A Tailor-Made Bride by Karen Witemeyer
Fiction-Christian/Historical, Published 2010
Read: June 2010, 348 pp.
Challenges: Summer Reading Challenge
Shelf Life: Hasn’t made it there yet – Purchased 6-2-10
Jericho “J.T.” Tucker wants nothing to do with the new dressmaker in Coventry, Texas. He’s all too familiar with her kind – shallow women more devoted to fashion than true beauty. Yet, except for her well-tailored clothes, this seamstress is not at all what he expected.
Hannah Richards is confounded by the man who runs the livery. The unsmiling fellow riles her with his arrogant assumptions and gruff manner, while at the same time stirring her heart with unexpected acts of kindness. Which side of Jericho Tucker reflects the real man?
When Hannah decides to help Jericho’s sister catch a beau – leading to consequences neither could have foreseen – will Jericho and Hannah find a way to bridge the gap between them?
First off, I love the dress on the cover. However it says the town is an 1880 photo of Murdo, South Dakota, not a Texas town. Hannah was raised in the east but followed her heart and career path to San Antonio, Texas. She has sewn her way to the top of the town’s clientele and her best customer, the spunky Miss Victoria, has Hannah sew her a fancy cerise dress to be buried in. Instead of leaving all her money to her ungrateful family members, she decides to help her young seamstress. The only caveat is the building she owns is in Coventry, Texas, which I’m assuming is supposed to be somewhere in north-central Texas – this blogger lives about 100 miles northeast of Coventry and 150 years later. She mentions the Bosque River as well as the Coventry ladies traveling to Waco to get their dresses made.
I really enjoyed the back and forth between two of the main characters, Hannah and J.T. Hannah hits it off immediately with J.T.’s sister, Cordelia, but just can’t seem to understand where his surliness is coming from. J.T. thinks Hannah is a lovely girl, but why has she brought the sinful temptation of vainness to the small Texas town? Even though his words tell Hannah he does not approve of her business, he is constantly surprising her with small favors and kind gifts to help her meager shop succeed. And Hannah is not your typical girl. She has gumption, persistence, and puts her faith in God, knowing she can help make the world – or at least Coventry, Texas – a more beautiful place.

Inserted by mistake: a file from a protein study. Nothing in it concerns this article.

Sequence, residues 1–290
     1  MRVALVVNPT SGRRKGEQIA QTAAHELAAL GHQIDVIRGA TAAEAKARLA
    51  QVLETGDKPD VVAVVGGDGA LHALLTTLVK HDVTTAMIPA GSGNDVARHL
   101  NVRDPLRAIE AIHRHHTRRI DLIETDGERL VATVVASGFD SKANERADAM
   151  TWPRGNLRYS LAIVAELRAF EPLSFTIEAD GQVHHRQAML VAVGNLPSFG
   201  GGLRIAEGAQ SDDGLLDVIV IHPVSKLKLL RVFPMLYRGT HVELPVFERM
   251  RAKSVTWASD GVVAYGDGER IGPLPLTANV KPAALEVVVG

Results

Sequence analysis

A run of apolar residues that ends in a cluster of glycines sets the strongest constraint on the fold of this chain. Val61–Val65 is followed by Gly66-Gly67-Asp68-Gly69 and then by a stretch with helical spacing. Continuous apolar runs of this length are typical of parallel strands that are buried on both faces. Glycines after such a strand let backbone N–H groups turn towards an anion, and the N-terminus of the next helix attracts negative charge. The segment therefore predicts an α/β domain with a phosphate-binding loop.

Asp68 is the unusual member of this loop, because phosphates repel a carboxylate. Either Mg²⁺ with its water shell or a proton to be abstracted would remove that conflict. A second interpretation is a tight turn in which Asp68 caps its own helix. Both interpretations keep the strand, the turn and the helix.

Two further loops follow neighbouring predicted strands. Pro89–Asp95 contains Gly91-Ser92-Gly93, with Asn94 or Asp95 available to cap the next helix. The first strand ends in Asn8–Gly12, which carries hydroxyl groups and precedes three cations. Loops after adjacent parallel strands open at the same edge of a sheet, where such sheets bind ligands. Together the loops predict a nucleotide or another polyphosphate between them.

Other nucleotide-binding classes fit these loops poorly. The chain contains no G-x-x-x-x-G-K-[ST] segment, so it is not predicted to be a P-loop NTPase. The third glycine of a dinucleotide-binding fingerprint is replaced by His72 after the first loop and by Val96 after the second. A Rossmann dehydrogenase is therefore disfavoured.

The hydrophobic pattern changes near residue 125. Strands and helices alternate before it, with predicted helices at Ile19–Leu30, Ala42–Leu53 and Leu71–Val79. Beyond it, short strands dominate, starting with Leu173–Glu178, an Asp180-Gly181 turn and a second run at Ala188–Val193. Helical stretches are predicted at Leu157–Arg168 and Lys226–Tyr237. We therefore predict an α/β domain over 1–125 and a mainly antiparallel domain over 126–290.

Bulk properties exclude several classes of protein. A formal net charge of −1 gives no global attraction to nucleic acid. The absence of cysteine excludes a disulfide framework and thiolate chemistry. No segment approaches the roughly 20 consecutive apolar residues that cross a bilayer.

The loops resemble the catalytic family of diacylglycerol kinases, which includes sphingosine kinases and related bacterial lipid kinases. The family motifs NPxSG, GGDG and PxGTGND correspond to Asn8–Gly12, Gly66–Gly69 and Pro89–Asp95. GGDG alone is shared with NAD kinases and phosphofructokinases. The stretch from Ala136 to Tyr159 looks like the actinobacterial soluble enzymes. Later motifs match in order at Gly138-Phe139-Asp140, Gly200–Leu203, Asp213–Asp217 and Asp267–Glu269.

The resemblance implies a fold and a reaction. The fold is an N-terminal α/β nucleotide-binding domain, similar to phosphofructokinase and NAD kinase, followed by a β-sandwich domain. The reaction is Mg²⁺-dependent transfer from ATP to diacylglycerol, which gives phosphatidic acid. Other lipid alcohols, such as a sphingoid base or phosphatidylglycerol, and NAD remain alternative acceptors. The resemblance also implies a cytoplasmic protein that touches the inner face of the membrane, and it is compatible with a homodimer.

I think this is a great fresh and witty debut novel for Karen Witemeyer and I can’t wait for her next one coming out in October, A Head in the Clouds.
“Red? Have you no shame, Auntie Vic? You can’t be buried in a scarlet gown.”
“It’s cerise, Nan.” -p. 7
Courtship the Texas 1880′s way (AKA – This is how you should be doing it fellas!):
Every afternoon for the last four days, Hannah found a small token on her staircase as she made her way to her room after closing the shop. … Hannah’s foot slowed its pumping of the treadle, and a bemused tingle danced over her skin as she thought about the collection of pint-sized Mason jars decorating the crate near her bed.
Monday’s jar had held a polished stone, round and smooth. Its deep reddish hue carried a horizontal line of quartz along the top that made her think of a fine lady with diamonds at her neck. A small note was included in the jar. For the beauty of the earth.
Tuesday’s note had read For the beauty of the skies. The jar contained a perfectly formed feather, the color so blue Hannah doubted any jay would have given it up without a fight.
On Wednesday, he’s deviated from the hymn lyrics to compose a verse with a more romantic bent. For the beauty of your heart. A cottonwood leaf in that very shape sat in the glass cage, its stunning yellow color singing the glory of autumn.
And yesterday she’d found a blue hair ribbon with a note that said To match the beauty of your eyes. She’d woven the ribbon into her braided chignon this morning in hopes that Jericho would see it.